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The Baltic country aims to develop personalized medical reports available to healthcare practitioners through national online portal.3 April 2018
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In a move likely to further cement its position as one of the leading digital societies in the world, Estonia has launched a recruitment program for 100,000 of its residents willing to have their genome mapped, according to a press release from the University of Tartu’s Institute of Genomics.
The new participants will join more than 50,000 other Estonians who consented to offer DNA samples to the country’s national biobank through a program that began in 2000, The Atlantic writes.
The aim of the program, which is a joint project of the Ministry of Social Affairs, the National Institute for Health Development, and the Estonian Genome Center of the University of Tartu, is to “boost the development of personalized medicine in Estonia and thus contribute to the advancement of preventive healthcare," said Jevgeni Ossinovski, the minister of health and labor.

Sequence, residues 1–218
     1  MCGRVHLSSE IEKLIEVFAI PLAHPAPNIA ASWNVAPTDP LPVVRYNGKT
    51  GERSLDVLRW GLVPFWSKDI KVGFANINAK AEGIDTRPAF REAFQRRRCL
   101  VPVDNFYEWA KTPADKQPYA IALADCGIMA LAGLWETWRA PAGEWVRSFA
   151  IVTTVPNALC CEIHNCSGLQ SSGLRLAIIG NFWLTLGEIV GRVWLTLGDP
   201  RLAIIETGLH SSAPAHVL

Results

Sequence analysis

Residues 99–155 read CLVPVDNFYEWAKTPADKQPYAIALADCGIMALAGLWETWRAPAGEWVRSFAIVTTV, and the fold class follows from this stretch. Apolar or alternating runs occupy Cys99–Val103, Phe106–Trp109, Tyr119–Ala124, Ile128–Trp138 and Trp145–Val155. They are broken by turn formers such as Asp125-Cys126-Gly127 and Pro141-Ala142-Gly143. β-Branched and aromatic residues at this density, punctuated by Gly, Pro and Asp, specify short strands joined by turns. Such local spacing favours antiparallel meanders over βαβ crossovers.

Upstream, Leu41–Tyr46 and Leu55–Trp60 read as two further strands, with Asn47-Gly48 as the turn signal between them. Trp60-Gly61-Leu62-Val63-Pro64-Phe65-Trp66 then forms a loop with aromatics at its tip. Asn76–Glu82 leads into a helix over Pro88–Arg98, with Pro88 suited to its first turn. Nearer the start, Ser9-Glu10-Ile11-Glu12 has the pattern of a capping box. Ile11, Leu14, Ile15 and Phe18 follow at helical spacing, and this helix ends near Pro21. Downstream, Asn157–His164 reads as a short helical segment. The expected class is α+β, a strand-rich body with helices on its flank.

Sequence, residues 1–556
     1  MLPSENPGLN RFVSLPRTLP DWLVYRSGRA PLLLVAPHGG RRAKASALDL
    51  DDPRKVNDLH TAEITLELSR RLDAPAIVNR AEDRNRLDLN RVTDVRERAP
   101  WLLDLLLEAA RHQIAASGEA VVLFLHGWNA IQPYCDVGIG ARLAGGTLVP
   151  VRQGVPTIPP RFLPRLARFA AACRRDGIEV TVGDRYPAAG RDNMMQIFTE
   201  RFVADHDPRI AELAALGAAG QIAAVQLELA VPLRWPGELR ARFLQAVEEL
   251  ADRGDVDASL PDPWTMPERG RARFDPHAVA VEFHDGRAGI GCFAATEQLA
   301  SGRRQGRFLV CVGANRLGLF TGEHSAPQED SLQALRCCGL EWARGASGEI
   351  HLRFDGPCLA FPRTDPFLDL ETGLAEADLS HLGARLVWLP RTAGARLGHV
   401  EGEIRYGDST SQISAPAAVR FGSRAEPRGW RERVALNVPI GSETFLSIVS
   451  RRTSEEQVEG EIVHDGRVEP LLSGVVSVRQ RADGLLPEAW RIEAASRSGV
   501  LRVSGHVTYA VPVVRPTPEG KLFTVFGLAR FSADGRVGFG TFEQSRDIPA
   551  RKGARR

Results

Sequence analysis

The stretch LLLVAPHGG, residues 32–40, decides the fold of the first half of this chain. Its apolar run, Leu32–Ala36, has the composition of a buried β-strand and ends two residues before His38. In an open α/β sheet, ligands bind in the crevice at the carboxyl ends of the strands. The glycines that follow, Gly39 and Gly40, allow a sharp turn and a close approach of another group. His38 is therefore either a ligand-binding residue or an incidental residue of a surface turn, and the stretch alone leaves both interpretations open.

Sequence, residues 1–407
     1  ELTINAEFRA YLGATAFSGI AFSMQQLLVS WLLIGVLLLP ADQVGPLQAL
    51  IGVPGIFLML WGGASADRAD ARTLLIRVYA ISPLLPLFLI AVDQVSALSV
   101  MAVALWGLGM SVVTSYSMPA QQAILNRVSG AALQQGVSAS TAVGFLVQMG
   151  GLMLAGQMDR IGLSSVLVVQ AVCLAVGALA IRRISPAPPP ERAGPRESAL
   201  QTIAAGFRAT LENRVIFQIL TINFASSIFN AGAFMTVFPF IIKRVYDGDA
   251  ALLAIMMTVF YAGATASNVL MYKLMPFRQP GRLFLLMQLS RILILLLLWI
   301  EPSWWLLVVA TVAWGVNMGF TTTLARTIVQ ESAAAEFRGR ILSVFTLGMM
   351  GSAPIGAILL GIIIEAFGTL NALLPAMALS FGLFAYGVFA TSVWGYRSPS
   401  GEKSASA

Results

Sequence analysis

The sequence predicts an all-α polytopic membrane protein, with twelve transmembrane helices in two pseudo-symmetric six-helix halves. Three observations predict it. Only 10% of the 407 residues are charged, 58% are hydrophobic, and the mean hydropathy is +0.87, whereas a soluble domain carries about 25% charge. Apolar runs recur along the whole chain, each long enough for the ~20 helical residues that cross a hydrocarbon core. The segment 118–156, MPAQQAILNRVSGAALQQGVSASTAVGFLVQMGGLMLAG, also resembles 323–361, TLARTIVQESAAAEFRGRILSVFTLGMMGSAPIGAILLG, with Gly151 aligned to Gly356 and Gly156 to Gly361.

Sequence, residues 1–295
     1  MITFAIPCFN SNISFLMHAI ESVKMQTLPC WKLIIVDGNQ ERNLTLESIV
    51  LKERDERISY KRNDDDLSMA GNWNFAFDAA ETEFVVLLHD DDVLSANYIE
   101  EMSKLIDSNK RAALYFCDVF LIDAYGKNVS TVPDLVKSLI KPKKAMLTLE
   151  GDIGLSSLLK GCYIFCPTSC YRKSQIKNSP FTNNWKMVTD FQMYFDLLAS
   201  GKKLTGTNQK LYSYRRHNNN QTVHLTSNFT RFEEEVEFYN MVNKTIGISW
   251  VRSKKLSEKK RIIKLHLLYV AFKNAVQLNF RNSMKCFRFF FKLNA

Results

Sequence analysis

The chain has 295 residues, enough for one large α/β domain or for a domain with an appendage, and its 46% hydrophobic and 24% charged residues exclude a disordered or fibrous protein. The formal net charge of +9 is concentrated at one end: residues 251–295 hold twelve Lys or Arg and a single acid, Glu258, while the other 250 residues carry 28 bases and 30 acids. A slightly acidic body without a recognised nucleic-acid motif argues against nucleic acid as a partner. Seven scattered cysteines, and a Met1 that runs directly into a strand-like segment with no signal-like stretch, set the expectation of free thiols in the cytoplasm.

Unlike the other more than 120 biobanks across the world, the Estonian one aims to develop personalized medicine instead of focusing on genome research. The plan is for these DNA volunteers to then receive information through a family doctor on their genetic risk for specific diseases and advice on how to adjust their lifestyle to stay healthy, writes Futurism, a technology website.
Another difference is that the activities of the Estonian biobanking system are strictly regulated. Passed in 2000, the Estonian Human Genes Research Act establishes the confidentiality of the identity of gene donors, gives them the right to consent for participation in studies, and ensures that the data is “processed in compliance with the highest standards of data protection.”
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